Okay, not really, and you'd think I'd learn. It is a known fact that the universe only listens to these kinds of things when you don't want them to really happen. I could say "Let's give Ms. Knitingale $1,000,000" until I turn blue and not one penny would turn up, but I'll bet now that I titled the post the way I did, the computer will explode on the fourth picture or something
First, some answers:
Why yes, Jo in Ireland--you can DEFINITELY come along. In fact, how cool would it be if we could all get together and just hang out somewhere for a weekend? Bet we'd terrify the muggles.
And yes, Jo in England--I'd LOVE a lesson in spindling for the terrified! I've now managed to forget my spindle on two occasions when very lovely and talented people could have taught me. Fear of failure? Me? Nah...
And to whoever said it, I have no idea why cats feel the need to barf on carpet, but there you have it. I can just see the little wheels turning in their fuzzy heads: "hmmm...I feel a bit queasy...must have been that lizard with a mouse chaser. I'd better find me some carpet--something really nice and expensive." Mind you, the whole cat handbook is much like that. For instance, I'm sure many of you are aware of the chapter regarding the inversely proportional relationship between the amount of money you spend on something and the amount of pleasure the cat is allowed to glean from it. Toss a paper bag on the floor and the cat is entertained for hours. Spend $30 plus shipping on a clever cat toy shaped like a fish with little dangly things on it and the cat will stare at it disdainfully before turning its back and bathing in a most snooty fashion. If you really spend on it, the cat will be afraid of it.
Such is the law of cats, and such is the reason I am the owner of a painfully costly fish toy with danglies and crinkles and all manner of kitty temptations that Grace is fairly certain is Satan in sparkles. On the other hand, her collection of little plastic strips torn from milk jug lids is rather staggering. And, of course, she ADORES them.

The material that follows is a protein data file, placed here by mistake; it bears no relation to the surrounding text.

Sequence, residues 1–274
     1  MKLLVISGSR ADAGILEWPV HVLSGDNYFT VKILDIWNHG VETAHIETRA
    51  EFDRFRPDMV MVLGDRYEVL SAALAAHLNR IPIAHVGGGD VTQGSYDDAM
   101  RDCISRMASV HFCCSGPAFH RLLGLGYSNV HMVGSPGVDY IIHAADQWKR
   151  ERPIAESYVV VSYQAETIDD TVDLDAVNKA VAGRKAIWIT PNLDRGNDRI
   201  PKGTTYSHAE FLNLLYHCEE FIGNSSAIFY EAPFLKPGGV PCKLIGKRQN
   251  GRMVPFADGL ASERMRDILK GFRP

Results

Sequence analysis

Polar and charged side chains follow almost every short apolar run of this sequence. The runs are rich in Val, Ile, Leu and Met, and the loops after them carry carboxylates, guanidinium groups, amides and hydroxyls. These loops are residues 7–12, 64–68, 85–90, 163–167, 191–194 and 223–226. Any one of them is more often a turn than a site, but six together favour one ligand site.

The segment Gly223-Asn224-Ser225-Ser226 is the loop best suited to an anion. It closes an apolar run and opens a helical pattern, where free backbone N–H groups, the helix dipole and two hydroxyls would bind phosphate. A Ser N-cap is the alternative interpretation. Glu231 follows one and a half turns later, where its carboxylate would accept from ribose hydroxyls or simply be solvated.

But, having exhausted the possibilities of feline digestive pyrotechnics, I offer you.....yarn porn:
The pictures don't really do this justice, but it's a stunningly lovely 100% wool in shades of blue that remind me of the sea on a cloudy day, and each skein is a whopping 337 yards. Plenty for a sweater....and just $20. Total. How, you may ask? Well, though it may seem as though I must have provided some sort of terribly inappropriate favors to a yarn store owner, the truth is that Monica took me to the wooly grail I was mentioning before: a yard sale of nothing but high end yarn. Dudes. I'm not sure I didn't drool on half of it.
It took us awhile to get there, being as how someone in the Portland city planning department thinks it's terribly clever to make at least 40% of the streets run in fits and starts and not go all the way through. No matter--more time for chatting and giggling like morons. But the sale....oh. I think I need this lady to move into Redmond where I live, because she was apparently selling the stuff from her stash that she no longer wants. This suggests that her actual stash, her SURVIVING stash if you will, is about the size of Switzerland. I could use a neighbor like that, particularly when good sense has gotten the better of me by pointing out that I already have enough yarn to make a life-sized felted submarine and nowhere near enough lifetime left to knit it all unless my life expectancy has suddenly morphed to 336 years. At those times, I could just cruise by this woman's house and know immediately that I have yards and yards to go before reaching complete yarn insanity, and I feel that this would comfort me.